Oh, and she basically rapes the poor guy whose body Steve took over. That’s okay, though, because it’s Wonder Woman that does this. I can only imagine the outrage if it had been Superman doing what she did to some poor woman whose body is taken over by Lois Lane.
Barbara seems like an interesting villain at first, but as the movie progresses, this character embodies the tired old cliché of someone that loses their humanity and becomes a cackling caricature. Then there is Maxwell Lord, a pretty charismatic and sneaky villain in the comics that is now reduced to just a misunderstood little boy that needs a hug to feel better. There’s redefining a character in the comics for the movies, and then there’s slapping a well-known name over some Hallmark stereotype and call it a day. Guess which category poor Mr Lord falls into.
Worse, the movie is boring. For way too long, the movie is a meandering soap opera, focusing on feels and angst that are dull, dull, dull because of the clichéd nature of the melodrama. It’s a Hallmark movie given a gloss of paint to make it resemble a superhero movie. It’s a complete 180 of the previous movie to a shocking degree, as there are no memorable moments here, no outstanding soundtrack, no pinnacle of heroism. Instead, we have insecure and neurotic women wanting to be loved and accepted, with the title character having to be led back her to her senses by her man—why is it that self-professed feminists tend to come up with the most cringe-inducing anti-feminist stories around?—as well as a charismatic villain rendered into a bumbling loser in ugly pimp outfits.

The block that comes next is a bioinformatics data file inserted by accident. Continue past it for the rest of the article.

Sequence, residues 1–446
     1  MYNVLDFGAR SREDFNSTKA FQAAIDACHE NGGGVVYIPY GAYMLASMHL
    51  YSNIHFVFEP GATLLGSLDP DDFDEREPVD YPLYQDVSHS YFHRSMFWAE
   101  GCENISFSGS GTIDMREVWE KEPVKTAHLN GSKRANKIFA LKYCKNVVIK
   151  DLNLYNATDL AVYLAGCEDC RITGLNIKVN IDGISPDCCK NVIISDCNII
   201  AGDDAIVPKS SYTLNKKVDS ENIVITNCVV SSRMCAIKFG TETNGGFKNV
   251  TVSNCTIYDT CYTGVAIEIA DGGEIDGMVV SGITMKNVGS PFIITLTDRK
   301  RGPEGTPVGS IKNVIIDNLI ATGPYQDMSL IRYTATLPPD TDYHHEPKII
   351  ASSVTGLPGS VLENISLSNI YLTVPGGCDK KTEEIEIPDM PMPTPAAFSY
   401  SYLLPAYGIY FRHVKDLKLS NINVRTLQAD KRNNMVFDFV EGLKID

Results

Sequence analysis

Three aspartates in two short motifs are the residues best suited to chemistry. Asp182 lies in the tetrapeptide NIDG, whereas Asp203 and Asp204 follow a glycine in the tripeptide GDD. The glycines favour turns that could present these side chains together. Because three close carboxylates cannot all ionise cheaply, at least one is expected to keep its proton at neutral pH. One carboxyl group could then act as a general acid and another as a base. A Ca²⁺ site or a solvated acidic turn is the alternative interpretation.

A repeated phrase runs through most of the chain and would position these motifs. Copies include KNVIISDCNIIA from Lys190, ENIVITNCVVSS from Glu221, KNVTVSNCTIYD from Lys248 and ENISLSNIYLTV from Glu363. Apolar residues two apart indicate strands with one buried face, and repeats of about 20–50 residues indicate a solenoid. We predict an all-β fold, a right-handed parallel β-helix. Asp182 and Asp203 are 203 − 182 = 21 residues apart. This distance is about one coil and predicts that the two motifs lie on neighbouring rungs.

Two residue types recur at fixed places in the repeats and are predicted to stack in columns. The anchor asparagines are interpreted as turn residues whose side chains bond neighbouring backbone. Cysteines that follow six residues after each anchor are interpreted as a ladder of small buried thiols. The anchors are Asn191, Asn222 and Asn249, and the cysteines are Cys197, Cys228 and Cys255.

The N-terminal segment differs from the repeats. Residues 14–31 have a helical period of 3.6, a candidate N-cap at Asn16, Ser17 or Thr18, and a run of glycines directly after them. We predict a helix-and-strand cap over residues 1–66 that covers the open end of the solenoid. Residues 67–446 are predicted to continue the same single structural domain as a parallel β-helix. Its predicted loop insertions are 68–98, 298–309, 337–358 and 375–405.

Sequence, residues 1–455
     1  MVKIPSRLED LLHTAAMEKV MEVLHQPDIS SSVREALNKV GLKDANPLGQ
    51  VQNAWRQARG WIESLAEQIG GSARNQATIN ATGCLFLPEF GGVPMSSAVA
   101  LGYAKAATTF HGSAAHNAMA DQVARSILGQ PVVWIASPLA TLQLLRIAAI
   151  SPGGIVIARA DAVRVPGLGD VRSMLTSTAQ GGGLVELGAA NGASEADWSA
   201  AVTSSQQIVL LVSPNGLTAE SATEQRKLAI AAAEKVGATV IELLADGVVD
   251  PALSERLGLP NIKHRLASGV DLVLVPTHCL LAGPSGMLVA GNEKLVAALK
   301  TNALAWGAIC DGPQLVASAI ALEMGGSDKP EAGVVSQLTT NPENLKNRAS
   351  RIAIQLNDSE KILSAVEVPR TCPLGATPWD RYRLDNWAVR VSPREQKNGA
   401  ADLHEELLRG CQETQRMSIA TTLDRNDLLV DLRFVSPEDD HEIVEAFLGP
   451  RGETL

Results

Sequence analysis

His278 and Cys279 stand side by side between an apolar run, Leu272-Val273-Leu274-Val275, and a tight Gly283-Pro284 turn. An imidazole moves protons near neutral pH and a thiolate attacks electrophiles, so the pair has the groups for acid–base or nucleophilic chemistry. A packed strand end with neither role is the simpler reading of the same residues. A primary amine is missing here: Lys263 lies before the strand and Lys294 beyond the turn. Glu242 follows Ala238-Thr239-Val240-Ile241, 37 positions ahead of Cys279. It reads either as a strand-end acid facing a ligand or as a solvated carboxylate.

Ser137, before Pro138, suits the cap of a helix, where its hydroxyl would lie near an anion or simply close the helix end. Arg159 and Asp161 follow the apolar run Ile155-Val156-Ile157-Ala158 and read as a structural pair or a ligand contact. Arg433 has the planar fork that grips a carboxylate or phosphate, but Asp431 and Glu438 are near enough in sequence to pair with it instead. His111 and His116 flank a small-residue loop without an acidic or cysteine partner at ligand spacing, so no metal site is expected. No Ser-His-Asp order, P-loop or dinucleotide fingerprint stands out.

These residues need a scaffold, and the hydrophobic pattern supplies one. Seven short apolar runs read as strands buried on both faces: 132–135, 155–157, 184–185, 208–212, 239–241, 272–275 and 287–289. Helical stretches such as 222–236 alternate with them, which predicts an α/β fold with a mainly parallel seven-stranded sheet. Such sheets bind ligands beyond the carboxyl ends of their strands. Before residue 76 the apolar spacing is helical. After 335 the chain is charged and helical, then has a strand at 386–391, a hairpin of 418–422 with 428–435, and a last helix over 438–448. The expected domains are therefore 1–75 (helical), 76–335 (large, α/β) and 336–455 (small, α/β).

In the end, Maxwell and Diana never really have to face actual repercussions for their selfish actions, as if the movie weren’t already unsatisfying enough. The movie also misses a huge opportunity with Barbara. She could have learned, either on her own or through her confrontations with Diana, that she doesn’t have to be beautiful, tall, and super powerful to be a strong person, as it is what inside that counts the most. That would have been an empowering message to people of all genders. No, instead, this movie has Diana screeching to Barbara while holding the woman’s head underwater, demanding that Barbara renounces her wish to be tall, beautiful, and powerful. The implication here is that Barbara is a lesser person that should never aspire to be better. No, she should know her place and be inferior to Diana! Feminism in this movie comes with a straw—the movie has no problems portraying various men as harassers and chauvinists to be beaten up by strong women, but there is no substance beyond that.
The sad thing is that the cast members are far better than the material they have to work with. Gal Gadot, Kristen Wiig, and Pedro Pascal are all solid to the point that they elevate their otherwise generic and bland roles. Chris Pine doesn’t have much to do here other than to be the boyfriend, though.
The previous movie received the super rare five-oogie rating from me. This one, well… at least Wonder Woman 1984 is noteworthy in one respect, I guess: it’s easily one of the most epic fall from graces as far as I am concerned!